Volatile organic compounds (VOCs) are created by many common household and industrial products, including paint, pesticides, fuel and even deodorant. They are a major source of air pollution and ongoing exposure to some can lead to serious and possibly long-term health problems, including cancer, as well as more minor conditions such as nasal irritation and respiratory issues. Estimating exposure in a home or workplace is challenging with current devices that are limited by what they are capable of detecting. A new personal air-sampling system, however, has been shown to detect a wide range of VOCs from a badge about the size of a credit card.

The researchers who developed the device presented their results at the recent American Chemical Society fall meeting.

"In every situation there's a unique set of compounds that could be present in the air, including potential This credit-card-sized wearable badge contains a new type of silica that latches onto a wide range of VOCs. Source: AirotectThis credit-card-sized wearable badge contains a new type of silica that latches onto a wide range of VOCs. Source: Airotecthazards that we do not know about," said Allen Apblett, Ph.D., the project's senior researcher, who presented the research. "Using a single material, we can capture many classes of these compounds, called VOCs, and potentially offer a much more comprehensive picture of exposures."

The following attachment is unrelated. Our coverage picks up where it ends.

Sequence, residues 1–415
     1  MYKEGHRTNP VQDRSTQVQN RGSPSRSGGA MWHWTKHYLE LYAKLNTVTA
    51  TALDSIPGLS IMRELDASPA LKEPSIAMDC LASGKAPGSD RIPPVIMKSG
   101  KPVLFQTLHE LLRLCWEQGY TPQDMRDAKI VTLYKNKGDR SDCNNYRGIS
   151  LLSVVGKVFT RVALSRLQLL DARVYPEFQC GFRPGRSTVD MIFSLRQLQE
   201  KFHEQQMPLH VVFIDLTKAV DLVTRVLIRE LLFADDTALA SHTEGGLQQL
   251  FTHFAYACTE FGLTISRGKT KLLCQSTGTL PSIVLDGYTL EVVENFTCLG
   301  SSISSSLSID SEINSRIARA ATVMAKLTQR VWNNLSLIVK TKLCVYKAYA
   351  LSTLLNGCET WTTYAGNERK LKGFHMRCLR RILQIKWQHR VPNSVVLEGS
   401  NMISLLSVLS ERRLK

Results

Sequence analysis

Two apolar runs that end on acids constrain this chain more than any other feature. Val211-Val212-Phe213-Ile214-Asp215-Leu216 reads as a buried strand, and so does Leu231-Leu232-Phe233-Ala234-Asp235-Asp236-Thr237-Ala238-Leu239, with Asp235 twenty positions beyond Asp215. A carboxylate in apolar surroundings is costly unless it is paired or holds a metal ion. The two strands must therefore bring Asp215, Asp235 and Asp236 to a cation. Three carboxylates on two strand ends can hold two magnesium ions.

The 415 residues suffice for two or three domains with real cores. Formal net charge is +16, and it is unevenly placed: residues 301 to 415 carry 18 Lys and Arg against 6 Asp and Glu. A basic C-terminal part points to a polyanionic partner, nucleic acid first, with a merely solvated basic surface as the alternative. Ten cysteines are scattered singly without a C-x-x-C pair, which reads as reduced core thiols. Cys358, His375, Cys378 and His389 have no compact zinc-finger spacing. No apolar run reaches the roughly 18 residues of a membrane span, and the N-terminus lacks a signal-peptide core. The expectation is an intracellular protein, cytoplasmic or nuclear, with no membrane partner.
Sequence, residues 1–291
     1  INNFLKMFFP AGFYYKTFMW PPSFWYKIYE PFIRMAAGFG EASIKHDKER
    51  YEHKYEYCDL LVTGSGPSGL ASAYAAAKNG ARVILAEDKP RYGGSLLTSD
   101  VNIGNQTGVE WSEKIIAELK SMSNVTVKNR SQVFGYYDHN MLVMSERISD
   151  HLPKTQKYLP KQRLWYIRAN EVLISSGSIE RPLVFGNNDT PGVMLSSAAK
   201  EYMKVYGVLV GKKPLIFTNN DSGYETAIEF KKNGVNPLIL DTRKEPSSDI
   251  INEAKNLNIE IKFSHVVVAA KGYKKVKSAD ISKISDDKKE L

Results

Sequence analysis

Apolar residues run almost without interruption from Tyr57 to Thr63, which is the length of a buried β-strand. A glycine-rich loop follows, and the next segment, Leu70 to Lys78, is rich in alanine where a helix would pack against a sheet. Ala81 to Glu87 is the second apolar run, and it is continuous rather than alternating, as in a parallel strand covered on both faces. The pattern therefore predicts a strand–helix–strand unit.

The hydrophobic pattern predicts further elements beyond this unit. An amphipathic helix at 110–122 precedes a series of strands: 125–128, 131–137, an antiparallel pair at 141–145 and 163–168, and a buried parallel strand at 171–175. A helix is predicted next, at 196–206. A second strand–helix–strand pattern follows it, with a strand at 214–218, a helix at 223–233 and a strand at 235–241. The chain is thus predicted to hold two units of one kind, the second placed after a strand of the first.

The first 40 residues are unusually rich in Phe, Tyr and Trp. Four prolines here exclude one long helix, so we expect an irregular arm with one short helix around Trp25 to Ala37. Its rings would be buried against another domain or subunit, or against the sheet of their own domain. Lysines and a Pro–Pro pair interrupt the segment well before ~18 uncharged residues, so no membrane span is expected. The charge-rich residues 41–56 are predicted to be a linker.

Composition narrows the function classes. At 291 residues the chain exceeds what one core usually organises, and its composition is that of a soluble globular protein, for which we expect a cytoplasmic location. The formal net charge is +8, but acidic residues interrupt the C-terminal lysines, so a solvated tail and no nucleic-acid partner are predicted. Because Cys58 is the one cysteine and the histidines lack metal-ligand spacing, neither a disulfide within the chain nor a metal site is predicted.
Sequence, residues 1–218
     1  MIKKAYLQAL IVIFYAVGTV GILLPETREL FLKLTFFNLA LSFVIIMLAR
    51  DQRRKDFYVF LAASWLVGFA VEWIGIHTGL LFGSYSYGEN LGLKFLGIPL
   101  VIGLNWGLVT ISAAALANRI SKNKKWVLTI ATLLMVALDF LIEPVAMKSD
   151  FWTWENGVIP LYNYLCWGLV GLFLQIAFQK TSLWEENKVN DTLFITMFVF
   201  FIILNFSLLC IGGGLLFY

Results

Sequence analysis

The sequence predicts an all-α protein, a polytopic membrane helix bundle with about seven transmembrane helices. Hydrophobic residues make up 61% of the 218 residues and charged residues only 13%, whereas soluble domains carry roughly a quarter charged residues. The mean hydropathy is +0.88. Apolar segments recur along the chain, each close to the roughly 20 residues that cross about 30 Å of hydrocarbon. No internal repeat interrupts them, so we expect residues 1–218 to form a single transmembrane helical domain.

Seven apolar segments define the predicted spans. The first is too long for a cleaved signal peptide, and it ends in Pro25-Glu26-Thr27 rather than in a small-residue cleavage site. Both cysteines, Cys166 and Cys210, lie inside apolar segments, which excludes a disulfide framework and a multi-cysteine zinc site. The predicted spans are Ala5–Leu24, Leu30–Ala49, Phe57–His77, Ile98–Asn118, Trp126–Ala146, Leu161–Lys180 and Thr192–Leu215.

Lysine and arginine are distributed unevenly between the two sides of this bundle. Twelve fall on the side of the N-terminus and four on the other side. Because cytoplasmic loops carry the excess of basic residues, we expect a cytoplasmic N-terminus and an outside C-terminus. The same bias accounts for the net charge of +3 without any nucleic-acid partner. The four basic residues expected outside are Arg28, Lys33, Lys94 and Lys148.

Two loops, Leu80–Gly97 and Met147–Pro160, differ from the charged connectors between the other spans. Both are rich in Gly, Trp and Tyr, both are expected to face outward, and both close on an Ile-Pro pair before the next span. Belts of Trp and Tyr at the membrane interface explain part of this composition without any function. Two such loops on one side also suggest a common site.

The U.S. military has great interest in the new sampler as a tool to better understand the health threats its personnel face, and has contributed significant funding toward its development. Apblett, a professor at Oklahoma State University and co-founder of Airotect, the company developing the sampler, added that it can also be used in workplaces and homes.

The advantage of the Airotect device over existing technology is its ability to absorb “the broadest spectrum of VOCs,” said Apblett. Currently a worker concerned about formaldehyde, benzene and naphthalene, for example, would need multiple devices to test for those compounds in one location.

The Airotect detector uses a silica material with nanoscale pores contained within the badge that can be attached to clothing. The team is also experimenting with something resembling a pen that could be kept in a pocket and other device configurations, such as a fabric patch. The silica, called OSU-6, binds VOCs in its pores through weak electrical attractions known as van der Waals forces. The forces are enhanced by the tight curvature of OSU-6’s nanopores. The physical, rather than chemical, bonds allow the material to latch onto a wide range of compounds and bind more strongly than the industry standard.

Following use, the badge is sent to a lab where the material is warmed and the compounds are released so the researchers can identify and quantify them. The capacity of the device to detect over 100 compounds was demonstrated in lab-based experiments. OSU-6 stabilizes unstable or reactive compounds, which aids in analyzing compounds that are traditionally difficult to monitor. Research is underway to test its ability to detect common pollutants found in commercial manufacturing operations and agricultural production facilities, as well as in real-world military scenarios and a student dorm room.

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